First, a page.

Sir Robbie Gibb, a former Downing Street communications director under Theresa May and a harsh critic of the BBC, has been appointed to the Corporation’s board.
It is understood that Sir Robbie, who had a 25-year career at the BBC before spending two years in Downing Street, appointed by the government. He will start as the board member for England on 7 May 7.
Since leaving frontline politics, Sir Robbie has written a number of articles criticising the broadcaster, particularly criticising its supposedly “woke” staff.
The brother of schools minister Nick Gibb, he has criticised Radio 4’s Today programme as being “trapped by its own woke group think”, accusing it of painting a “picture of Britain that is monstrously out of touch”.
“The BBC has been culturally captured by the woke-dominated group think of some of its own staff,” he wrote in the Telegraph last year.
“There is a default Left-leaning attitude from a metropolitan workforce mostly drawn from a similar social and economic background.”
Speaking after his appointment, Sir Robbie said: “Throughout my time at the BBC and since leaving I have always believed that impartiality should be the BBC’s number one priority because it is so critical to audience trust.
“The Corporation has a big job to reform and make sure it once again becomes the gold standard for broadcasting impartiality – I am privileged to have the chance to play a part in helping the BBC achieve that.”
Sir Robbie was knighted in May’s resignations honours list in 2019. He was criticised as a “hard Brexiter” trying to destroy May’s search for compromise during wranglings over the EU exit by then-MP Nick Boles as he quit the Tories.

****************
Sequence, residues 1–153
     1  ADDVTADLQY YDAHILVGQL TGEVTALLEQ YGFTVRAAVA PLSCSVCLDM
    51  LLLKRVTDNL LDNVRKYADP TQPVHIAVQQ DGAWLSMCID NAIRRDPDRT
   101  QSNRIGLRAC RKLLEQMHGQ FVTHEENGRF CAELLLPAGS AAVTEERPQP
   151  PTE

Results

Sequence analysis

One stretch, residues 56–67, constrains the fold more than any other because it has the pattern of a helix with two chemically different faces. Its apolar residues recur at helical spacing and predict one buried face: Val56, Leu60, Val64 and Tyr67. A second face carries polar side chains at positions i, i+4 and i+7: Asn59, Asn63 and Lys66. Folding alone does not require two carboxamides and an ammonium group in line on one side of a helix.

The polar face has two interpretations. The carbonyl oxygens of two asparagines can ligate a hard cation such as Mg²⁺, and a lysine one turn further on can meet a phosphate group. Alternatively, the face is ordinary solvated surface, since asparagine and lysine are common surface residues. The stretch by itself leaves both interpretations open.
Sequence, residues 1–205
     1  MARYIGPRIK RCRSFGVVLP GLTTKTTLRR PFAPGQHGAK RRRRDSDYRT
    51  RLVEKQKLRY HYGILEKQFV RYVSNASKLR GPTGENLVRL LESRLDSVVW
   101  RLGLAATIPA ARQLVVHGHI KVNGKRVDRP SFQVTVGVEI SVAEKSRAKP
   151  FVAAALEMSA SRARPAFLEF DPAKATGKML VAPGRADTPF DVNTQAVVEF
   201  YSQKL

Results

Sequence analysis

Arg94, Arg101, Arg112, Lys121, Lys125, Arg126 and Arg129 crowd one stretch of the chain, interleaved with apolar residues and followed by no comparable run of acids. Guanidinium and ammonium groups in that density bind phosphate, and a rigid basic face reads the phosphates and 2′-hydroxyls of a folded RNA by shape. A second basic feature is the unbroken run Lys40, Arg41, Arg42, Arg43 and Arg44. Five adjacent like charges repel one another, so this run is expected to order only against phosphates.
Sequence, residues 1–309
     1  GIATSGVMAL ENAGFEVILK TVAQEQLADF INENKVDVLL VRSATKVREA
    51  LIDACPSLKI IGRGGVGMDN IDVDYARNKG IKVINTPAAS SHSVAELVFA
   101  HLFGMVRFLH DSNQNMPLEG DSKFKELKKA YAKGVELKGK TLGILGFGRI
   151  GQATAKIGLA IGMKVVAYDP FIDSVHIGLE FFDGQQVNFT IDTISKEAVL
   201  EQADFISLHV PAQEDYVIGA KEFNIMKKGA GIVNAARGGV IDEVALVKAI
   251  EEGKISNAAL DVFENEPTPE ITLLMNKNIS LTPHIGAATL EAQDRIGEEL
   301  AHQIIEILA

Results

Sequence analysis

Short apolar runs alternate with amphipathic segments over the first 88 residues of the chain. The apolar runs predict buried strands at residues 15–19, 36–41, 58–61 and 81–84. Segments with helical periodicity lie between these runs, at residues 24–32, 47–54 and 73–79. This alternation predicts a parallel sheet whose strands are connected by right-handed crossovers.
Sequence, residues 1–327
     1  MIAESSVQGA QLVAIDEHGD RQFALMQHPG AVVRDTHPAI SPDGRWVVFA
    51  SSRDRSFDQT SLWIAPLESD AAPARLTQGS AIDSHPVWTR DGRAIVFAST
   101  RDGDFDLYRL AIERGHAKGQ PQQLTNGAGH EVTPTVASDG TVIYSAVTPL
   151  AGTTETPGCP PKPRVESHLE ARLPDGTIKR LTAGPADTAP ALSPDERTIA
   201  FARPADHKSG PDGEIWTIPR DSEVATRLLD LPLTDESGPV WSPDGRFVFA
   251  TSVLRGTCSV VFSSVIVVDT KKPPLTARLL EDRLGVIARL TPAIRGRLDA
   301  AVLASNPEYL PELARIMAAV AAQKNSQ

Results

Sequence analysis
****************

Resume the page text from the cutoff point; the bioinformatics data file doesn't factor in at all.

Before entering frontline politics, Sir Robbie was deputy editor of BBC Newsnight and editor of The Daily Politics and This Week. He was appointed to the paid role by the Department for Digital, Culture, Media and Sport.
Meanwhile, Sir Simon Stevens will be appointed to the House of Lords after announcing that he plans to quit his position as chief executive of NHS England in the summer, No 10 has said.
Boris Johnson said the outgoing health chief had “led the NHS with great distinction for the past seven years”.
NHS England said Sir Simon on Thursday notified the organisation’s board of his decision to stand down “as planned” at the end of July.
In a separate announcement, Downing Street said the Queen had been pleased to confer a life peerage on Sir Simon following his decision
He will sit as a crossbencher, according to an NHS England spokesman.
In a statement, Sir Simon said: “Joining the health service in my early twenties was one of the best decisions I’ve ever made, followed three decades later by the privilege of leading the NHS through some of the toughest challenges in its history.
“The people of this country have rightly recognised the extraordinary service of NHS staff during this terrible pandemic, as well as the success of our Covid vaccination deployment.
“As the pandemic recedes in this country, the NHS’s track record in advancing medical progress in a way that works for everyone rightly continues to inspire young people to join one of the greatest causes – health and high quality care for all, now and for future generations.”
Johnson issued his thanks for Sir Simon’s “dedicated service … especially when facing the extraordinary pressures of the past year, and for his huge contribution to our vaccine rollout”.